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History of the Henry's Fork Watershed


The Henry's Fork watershed in eastern Idaho and western Wyoming encompasses 1.7 million acres and over 3,000 miles of rivers, streams and canals. High mountain streams and warm natural springs form the headwaters of the Henry's Fork of the Snake River, which flows through deep canyons as it descends to the agricultural land of the upper Snake River Valley. This rich watershed supports healthy populations of fish and wildlife, as well as high-quality recreational experiences.

The native inhabitants of the Henry’s Fork Watershed were various branches of the Shoshone people. Largely nomadic, they spent the winter in the lower elevations of the Snake River Plain and traveled to the higher elevations seasonally to hunt, fish, gather roots and berries, and obtain obsidian from sources in and around what is now Yellowstone National Park.

Andrew Henry, for whom the Henry’s Fork and Henrys Lake are named, and a group of Missouri Fur Company trappers arrived in the area in 1810 during an exploration of the West – five years after Lewis and Clark. They constructed several buildings, and established the first American fur post west of the continental divide. Unfortunately, in 1811, after a harsh winter, the group disbanded and abandoned Fort Henry permanently.

To learn more about the history of the watershed, visit the Henry’s Fork Country Interpretive Center in the HFF Community Campus – 801 Main Street, Ashton, ID.

History of the Henry's Fork Foundation         


In 1984, a small group of concerned citizens gathered around a kitchen table in Island Park to discuss the future of the Henry’s Fork. The group was primarily concerned with a proposal to construct hydroelectric facilities on and near Mesa Falls, but soon expanded their scope to include riparian fencing projects in the Ranch and improvements to an access site we now know as “the parking lot”.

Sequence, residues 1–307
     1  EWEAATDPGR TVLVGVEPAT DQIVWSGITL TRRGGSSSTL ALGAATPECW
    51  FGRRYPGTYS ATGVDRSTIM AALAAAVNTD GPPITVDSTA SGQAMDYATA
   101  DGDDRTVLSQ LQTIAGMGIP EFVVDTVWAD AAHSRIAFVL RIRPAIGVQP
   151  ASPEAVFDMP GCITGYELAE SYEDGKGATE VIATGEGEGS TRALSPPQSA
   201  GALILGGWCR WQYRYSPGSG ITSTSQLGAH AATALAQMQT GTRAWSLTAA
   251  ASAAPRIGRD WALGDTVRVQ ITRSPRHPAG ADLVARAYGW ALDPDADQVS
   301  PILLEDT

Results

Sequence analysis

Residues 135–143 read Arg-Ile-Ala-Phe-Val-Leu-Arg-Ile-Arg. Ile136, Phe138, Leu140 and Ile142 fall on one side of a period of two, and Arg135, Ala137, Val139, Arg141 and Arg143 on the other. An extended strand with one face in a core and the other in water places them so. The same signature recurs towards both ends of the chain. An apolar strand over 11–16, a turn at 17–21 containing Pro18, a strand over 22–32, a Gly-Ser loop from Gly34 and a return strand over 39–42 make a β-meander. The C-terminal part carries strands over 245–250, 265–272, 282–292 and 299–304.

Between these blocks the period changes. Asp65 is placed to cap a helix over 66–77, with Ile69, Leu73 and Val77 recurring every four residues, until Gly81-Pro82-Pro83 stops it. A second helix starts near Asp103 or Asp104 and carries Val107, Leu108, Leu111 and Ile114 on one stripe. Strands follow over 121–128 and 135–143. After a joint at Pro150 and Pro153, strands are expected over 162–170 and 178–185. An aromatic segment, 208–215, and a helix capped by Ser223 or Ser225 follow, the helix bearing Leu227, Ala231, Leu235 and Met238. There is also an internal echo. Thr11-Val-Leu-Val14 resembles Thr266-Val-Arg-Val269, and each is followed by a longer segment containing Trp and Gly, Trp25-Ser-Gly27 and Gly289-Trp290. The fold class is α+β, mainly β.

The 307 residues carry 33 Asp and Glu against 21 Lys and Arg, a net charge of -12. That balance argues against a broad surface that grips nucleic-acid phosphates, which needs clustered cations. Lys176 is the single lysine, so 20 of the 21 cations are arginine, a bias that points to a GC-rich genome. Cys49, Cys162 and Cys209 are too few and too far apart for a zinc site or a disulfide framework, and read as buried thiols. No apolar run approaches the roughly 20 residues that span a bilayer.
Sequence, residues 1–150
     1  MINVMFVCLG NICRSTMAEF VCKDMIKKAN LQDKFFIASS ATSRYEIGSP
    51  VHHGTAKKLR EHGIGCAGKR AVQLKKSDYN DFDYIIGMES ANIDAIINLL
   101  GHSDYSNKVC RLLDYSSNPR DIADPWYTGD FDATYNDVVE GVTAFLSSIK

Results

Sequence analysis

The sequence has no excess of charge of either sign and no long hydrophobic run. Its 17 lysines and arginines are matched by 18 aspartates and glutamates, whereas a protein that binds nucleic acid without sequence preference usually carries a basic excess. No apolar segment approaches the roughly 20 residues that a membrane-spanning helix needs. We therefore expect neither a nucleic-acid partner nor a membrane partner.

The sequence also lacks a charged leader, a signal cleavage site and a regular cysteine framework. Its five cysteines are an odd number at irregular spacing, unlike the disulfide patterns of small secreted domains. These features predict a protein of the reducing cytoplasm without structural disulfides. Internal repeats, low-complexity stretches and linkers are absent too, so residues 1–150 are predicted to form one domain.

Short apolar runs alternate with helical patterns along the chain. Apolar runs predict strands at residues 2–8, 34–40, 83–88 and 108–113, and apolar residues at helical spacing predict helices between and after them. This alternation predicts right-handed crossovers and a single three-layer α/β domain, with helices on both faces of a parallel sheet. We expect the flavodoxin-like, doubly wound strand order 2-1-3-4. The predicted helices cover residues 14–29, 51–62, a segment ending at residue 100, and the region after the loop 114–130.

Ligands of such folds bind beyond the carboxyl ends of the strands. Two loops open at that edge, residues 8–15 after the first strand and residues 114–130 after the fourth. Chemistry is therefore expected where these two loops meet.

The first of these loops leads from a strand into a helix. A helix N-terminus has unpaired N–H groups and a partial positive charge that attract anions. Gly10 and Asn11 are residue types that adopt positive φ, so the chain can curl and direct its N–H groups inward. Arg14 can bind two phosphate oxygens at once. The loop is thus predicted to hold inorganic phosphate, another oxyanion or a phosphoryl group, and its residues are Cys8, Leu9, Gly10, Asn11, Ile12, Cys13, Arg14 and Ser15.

One of the Foundation’s most significant turning points came in the early 1990s with the creation of the Henry’s Fork Watershed Council. The effort to build partnerships and better understand the irrigators, water managers, and agencies who make decisions that impact this river every day, built the foundation on which we now stand. The Henry’s Fork Foundation does not have water rights or management authority over Henry’s Fork water or fisheries, but what we do have is a reputation for bringing the best possible data to the table and a desire to find common ground for the benefit of these fisheries.

Read more:

“History of the Henry’s Fork Foundation” by Mick Mickelson (1994)

“Remembering Bill Manlove” by Jack Thomas (1994)

“Reflection:  HFF’s 35th Anniversary” by Mick Mickelson (2018)




Some of the greatest fly fisherman to ever apply their craft have looked to the Henry’s Fork waters to test their skills. What has set a few apart is their ability to kindle the imagination of fishermen everywhere. Through their literature, storytelling and in all cases their whole-hearted meld with the beauty and fascination of the place we call the Henry’s Fork, they have contributed to its preservation and legend. Click each legend for more information.

Bing Lempke (1917-1991)

Ernest Schwiebert (1930-2005)

Charles Brooks (1921-1986)

Andre Puyans (1935-2005)

Gary LaFontaine (1946-2002)

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